MOSCOW — Russia on Thursday marked the 50th anniversary of the space flight of two dogs who became the first living creatures to circle the Earth and come back alive.

The Aug. 19, 1960 mission by mixed-breeds Belka and Strelka was a key step in preparations for the flight of Yuri Gagarin, who on April 12, 1961 became the first human in space.

“Their task was to test the spacecraft which carried Gagarin into space,” Russian cosmonaut Alexander Lazutkin said on Rossiya television.

Belka and Strelka followed Laika, the first dog to orbit Earth in a non-returnable capsule who died of overheating soon after her launch on Nov. 3, 1957.

By 1960, Soviet space engineers gained enough experience to design a returnable spacecraft capable of carrying a human into orbit, but they needed to run an extensive program of animal tests first. Only stray mutts were picked up for such flights — doctors believed they were able to adapt quicker to harsh conditions — and they were all very small so they could fit into the tiny capsules.

Many of the dogs died during tests, including Bars and Lisichka, the two launched just three weeks before Belka and Strelka, who were killed when their rocket exploded seconds after launch.

Boris Chertok, a top engineer in the Soviet space program at the time, said that despite that launch failure he had a feeling that the next dog flight will be a success.

“Belka and Strelka were so active and joyful that we didn’t doubt their successful return,” he wrote in his memoirs.

Belka (Squirrel) and Strelka (Little Arrow) were accompanied by mice, rats, flies and some plants and fungi. The spacecraft landed successfully a day after making 17 orbits.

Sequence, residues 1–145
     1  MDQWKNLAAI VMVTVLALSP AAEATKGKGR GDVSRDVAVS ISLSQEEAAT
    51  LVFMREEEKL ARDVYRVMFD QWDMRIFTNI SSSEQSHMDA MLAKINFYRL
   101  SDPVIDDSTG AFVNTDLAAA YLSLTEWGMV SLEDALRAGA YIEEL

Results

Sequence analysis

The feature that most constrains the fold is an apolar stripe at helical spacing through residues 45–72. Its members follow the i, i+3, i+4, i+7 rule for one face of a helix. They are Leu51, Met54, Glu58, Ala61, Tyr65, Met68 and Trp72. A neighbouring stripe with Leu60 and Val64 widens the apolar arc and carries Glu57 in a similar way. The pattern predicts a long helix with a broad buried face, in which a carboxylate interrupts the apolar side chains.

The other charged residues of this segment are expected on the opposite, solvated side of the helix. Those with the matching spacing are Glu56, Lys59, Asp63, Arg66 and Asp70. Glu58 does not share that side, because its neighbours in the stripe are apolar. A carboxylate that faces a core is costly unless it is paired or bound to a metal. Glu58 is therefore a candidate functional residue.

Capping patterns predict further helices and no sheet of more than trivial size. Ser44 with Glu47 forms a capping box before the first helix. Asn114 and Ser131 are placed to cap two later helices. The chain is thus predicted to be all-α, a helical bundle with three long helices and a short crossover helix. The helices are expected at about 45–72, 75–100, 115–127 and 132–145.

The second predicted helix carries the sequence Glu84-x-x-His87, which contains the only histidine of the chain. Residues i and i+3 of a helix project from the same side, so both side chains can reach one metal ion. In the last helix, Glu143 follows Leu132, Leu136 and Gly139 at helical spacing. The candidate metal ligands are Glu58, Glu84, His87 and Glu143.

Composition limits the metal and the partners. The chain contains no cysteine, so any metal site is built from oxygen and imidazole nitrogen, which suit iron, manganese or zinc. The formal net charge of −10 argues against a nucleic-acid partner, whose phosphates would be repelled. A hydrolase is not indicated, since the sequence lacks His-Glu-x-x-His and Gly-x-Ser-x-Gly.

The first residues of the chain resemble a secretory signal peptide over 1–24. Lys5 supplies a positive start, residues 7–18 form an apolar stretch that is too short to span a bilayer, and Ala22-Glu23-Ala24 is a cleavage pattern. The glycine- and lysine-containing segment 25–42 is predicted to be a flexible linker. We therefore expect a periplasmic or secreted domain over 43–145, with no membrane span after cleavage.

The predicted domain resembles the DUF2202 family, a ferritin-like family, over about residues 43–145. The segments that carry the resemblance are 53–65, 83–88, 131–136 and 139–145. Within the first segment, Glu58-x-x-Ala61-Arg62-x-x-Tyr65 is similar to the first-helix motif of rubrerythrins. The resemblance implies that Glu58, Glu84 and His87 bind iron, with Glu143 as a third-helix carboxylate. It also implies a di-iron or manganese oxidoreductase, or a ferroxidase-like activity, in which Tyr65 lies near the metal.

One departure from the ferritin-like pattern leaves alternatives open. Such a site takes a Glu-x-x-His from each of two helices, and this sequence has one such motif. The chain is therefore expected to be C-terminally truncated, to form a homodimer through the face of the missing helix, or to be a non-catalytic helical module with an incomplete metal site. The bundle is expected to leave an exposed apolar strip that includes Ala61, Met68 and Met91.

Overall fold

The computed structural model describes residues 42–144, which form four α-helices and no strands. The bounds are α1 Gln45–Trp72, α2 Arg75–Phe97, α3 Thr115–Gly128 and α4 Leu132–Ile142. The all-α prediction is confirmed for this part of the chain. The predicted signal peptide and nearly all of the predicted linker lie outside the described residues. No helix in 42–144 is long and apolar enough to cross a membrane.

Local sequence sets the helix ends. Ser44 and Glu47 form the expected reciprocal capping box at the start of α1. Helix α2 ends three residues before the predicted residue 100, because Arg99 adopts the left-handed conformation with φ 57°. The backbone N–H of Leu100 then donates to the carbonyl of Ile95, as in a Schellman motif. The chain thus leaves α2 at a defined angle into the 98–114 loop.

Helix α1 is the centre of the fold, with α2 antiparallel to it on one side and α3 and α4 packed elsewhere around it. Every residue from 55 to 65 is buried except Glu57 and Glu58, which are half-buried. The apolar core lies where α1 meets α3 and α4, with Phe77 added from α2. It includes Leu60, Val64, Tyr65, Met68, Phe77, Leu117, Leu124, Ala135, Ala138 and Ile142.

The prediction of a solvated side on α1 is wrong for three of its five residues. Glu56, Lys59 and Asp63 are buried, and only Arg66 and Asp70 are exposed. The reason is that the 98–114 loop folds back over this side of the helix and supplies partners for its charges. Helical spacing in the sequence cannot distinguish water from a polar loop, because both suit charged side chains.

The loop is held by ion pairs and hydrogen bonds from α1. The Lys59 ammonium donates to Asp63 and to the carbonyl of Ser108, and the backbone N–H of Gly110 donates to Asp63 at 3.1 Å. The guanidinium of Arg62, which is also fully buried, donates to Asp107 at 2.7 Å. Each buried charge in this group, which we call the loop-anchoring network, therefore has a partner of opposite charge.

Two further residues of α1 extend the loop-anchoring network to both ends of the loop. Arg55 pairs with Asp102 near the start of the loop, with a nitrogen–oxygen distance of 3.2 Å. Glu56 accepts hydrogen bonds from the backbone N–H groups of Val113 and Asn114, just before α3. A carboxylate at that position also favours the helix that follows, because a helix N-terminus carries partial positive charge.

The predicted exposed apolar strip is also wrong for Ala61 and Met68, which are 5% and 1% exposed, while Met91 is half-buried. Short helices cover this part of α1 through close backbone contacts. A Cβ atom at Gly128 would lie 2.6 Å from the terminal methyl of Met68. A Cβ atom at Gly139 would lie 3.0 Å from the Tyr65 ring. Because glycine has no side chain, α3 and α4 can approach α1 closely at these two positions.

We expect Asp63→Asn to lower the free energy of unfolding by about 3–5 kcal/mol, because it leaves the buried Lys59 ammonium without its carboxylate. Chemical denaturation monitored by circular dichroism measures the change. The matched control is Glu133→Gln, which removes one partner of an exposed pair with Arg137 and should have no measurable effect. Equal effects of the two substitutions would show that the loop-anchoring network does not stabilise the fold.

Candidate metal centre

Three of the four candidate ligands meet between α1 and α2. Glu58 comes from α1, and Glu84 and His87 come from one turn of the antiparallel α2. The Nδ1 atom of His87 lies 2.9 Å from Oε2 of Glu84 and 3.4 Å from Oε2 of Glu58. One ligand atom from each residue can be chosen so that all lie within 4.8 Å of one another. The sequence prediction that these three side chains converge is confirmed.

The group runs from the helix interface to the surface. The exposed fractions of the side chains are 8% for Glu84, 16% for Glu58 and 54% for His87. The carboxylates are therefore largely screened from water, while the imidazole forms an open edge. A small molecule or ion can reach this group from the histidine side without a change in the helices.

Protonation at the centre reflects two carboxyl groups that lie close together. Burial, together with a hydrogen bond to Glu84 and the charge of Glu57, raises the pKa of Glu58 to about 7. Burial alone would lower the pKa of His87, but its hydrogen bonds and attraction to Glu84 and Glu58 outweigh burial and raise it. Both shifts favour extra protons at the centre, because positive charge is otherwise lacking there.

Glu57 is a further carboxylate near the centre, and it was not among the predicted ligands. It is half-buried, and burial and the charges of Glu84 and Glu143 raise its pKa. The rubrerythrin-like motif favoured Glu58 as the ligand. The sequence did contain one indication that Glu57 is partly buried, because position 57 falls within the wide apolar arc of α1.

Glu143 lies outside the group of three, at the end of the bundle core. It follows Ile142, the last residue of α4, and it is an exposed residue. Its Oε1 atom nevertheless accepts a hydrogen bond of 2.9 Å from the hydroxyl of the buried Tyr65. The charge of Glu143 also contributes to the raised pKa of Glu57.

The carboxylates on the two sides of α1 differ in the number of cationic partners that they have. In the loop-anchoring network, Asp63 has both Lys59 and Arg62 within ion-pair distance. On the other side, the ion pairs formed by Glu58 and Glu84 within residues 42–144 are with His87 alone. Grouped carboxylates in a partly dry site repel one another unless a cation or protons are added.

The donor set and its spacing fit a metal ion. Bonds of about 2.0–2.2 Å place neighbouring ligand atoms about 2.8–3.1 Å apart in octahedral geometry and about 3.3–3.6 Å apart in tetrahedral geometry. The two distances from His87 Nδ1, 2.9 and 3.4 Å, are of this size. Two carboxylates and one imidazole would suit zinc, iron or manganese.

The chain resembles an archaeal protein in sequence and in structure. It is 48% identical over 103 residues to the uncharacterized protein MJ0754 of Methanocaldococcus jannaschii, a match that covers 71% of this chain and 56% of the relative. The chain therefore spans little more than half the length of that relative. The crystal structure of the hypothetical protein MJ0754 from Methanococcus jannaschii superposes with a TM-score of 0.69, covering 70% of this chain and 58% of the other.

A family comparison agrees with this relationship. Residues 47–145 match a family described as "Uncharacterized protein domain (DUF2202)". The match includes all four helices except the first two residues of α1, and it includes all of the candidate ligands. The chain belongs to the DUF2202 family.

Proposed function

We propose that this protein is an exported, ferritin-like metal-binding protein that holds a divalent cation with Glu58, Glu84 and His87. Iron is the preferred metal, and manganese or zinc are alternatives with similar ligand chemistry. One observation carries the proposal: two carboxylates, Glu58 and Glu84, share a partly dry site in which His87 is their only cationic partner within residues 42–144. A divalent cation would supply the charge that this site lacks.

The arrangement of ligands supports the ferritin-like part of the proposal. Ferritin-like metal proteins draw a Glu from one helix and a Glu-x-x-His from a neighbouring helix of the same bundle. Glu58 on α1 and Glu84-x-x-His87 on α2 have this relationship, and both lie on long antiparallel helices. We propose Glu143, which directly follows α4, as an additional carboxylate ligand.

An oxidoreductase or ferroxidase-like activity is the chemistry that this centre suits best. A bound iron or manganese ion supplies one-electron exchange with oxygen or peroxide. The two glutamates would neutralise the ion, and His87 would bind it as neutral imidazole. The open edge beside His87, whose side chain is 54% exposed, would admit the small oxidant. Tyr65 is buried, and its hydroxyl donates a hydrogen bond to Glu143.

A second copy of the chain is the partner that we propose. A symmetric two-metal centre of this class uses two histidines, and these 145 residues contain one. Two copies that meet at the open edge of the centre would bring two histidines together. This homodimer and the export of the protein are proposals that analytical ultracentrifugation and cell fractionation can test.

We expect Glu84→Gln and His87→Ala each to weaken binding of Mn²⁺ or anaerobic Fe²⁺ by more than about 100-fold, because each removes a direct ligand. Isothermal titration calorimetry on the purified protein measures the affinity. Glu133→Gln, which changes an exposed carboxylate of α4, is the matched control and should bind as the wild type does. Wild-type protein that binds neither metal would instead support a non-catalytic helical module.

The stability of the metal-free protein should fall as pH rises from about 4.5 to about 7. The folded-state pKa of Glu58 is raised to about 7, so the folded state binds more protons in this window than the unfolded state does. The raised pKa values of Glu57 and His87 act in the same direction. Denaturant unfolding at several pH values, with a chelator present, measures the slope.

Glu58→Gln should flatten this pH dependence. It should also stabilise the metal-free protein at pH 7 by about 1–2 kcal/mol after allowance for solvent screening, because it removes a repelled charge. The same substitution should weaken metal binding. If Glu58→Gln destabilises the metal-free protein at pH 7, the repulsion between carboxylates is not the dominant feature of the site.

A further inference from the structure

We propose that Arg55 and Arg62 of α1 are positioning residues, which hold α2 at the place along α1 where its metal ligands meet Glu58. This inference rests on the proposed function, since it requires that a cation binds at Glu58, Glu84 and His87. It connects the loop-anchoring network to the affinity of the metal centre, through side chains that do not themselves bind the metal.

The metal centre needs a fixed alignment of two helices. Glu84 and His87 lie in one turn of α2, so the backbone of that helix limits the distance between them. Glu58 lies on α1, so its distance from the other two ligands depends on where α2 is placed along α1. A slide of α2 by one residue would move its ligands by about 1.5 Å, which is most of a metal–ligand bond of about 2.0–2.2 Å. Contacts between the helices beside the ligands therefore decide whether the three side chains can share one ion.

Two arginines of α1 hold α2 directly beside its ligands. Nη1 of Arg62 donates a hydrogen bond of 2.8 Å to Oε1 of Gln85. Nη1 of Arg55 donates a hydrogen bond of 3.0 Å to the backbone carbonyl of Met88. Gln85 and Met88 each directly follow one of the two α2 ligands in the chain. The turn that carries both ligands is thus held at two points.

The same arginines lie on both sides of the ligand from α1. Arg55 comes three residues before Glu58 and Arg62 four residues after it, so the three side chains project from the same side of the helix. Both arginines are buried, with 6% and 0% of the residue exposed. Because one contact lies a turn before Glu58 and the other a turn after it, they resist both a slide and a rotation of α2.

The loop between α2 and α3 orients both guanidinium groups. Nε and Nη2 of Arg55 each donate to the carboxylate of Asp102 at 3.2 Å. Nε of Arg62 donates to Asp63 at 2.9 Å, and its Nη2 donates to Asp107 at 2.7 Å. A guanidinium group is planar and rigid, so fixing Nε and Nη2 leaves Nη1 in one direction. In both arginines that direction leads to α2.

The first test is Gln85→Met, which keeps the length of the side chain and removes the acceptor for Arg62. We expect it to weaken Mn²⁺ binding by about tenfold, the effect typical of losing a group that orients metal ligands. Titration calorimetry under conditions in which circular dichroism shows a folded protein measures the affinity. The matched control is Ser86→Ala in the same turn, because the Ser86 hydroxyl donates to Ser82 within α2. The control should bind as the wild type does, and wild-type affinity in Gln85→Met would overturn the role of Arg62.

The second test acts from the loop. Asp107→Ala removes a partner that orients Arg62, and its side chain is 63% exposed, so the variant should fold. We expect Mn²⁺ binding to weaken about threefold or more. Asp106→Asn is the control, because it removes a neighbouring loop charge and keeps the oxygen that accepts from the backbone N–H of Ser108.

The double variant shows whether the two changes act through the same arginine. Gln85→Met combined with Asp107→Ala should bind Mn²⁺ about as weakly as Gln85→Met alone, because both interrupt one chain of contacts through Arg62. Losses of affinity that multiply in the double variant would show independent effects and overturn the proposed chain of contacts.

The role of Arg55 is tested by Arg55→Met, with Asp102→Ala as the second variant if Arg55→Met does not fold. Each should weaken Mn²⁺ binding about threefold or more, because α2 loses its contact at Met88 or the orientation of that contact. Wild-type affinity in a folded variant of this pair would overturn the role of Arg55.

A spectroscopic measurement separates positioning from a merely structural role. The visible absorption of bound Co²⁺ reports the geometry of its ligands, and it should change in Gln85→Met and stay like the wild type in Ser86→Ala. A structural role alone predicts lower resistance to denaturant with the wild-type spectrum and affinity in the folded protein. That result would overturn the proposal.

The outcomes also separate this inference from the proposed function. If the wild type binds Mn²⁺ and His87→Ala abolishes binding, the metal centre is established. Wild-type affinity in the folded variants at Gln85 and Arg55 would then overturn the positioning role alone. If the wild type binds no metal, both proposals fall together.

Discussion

“These dogs acted like real pros,” said Vladimir Tsvetov, an engineer who took part in the mission, said on Rossiya state television.

Soviet official reports claimed that the dogs felt well throughout the flight, but a participant in the program recalled later that it wasn’t completely trouble-free. Doctor Vladimir Yazdovsky, who prepared the experiment, said that Belka was very nervous during the flight.

“She was very restless, tossing about and trying to get rid of the belts fixing her and barking,” Yazdovsky wrote in his book chronicling the story of Soviet space medicine. However, post-flight medical checkups showed that both dogs were in fine condition without any adverse effects from the flight.

The successful mission showcased the Soviet lead in space exploration and turned the two photogenic dogs into global celebrities.

Strelka later had six puppies, one of which, Pushinka (Fluffy), was sent by Soviet leader Nikita Khrushchev to President John F. Kennedy’s daughter Caroline.

Earlier this year, the dogs’ story came to the screen in Russia’s first 3D computer-animated movie, “Belka and Strelka: Star Dogs.”